Almost everybody understands that source code belongs into version control. Many people understand we need to test our code. Quite a few do that automatically.

But everything seems to change when it comes to databases. A lot of stuff in and around databases goes untested. Heck some of the scripts don't even live in version control. If you can't believe that, because you haven't seen it, you are a damn lucky bastard.

At least one reason for this state of affairs is obviously: It hurts. Database tests tend to be slow, interdependent and hard to maintain. Granted. But you know what: If it hurts, you should do it more often. It will teach you what exactly the things are that cause pain when testing and eventually you'll find approaches to make it less painful. Here are some ideas I found helpful when testing database related code:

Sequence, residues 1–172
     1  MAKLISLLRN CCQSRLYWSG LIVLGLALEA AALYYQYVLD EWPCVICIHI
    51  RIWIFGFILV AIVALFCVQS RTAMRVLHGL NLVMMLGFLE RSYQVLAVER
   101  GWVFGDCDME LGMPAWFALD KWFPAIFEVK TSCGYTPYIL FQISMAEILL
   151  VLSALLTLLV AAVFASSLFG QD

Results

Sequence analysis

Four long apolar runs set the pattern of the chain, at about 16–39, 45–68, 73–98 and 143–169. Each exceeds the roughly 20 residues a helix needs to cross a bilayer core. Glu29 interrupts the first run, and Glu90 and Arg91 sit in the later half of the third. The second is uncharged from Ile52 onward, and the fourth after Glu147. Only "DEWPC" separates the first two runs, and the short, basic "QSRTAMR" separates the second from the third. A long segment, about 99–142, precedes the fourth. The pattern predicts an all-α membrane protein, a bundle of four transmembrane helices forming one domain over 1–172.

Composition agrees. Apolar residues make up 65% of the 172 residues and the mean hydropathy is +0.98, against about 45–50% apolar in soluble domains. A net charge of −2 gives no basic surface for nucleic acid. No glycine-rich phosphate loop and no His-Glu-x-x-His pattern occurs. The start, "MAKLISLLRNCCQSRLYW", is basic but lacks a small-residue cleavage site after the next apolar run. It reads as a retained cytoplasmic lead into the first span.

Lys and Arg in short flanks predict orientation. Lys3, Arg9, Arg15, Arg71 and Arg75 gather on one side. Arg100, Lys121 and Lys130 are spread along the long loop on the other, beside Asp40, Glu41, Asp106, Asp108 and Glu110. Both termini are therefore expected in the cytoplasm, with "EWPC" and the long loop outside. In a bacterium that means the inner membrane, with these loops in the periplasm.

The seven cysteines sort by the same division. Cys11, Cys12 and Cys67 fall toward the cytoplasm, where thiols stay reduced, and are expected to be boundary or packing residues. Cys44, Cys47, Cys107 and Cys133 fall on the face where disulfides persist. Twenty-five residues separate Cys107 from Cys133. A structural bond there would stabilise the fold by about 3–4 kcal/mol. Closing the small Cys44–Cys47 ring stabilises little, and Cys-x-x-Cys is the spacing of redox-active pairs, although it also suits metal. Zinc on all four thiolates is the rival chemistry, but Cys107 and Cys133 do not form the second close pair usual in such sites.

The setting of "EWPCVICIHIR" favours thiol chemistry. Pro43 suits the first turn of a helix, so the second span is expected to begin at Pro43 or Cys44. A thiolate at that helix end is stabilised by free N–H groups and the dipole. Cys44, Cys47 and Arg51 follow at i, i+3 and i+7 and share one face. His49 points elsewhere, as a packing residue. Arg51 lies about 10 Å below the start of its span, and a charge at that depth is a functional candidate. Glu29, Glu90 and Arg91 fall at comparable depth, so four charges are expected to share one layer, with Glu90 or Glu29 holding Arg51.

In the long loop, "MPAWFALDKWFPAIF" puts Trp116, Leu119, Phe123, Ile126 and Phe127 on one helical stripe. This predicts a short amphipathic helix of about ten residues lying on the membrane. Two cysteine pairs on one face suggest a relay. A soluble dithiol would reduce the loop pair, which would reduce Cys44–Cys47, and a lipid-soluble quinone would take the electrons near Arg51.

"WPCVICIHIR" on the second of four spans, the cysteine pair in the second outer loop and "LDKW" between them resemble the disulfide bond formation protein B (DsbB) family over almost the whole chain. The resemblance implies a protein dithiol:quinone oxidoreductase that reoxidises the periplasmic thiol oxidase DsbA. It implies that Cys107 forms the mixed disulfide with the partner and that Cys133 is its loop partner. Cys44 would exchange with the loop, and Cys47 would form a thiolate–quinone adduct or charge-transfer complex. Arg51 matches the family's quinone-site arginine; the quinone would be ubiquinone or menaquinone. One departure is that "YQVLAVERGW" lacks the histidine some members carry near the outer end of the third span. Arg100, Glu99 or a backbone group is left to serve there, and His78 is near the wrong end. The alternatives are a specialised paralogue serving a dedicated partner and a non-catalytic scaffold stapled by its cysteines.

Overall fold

The previous points where about the setup of your database and infrastructure. Lets have a look at the code:

The next points will deal with the actual tests:

  1. Recreate the schema for every test. This is slow but really safe.
  2. Do a rollback after each test. This only works when there is no commit inside the test. The mean thing is: If a test tries to rollback, but fails because there was a commit inside the test some completely different test will fail. It can be a really frustrating task to find the bad test in such a case.

We covered the testing of  database related code inside your application. But there is another kind of code we need to deal with: Scripts for deploying your application (or upgrading it)

Happy testing everybody.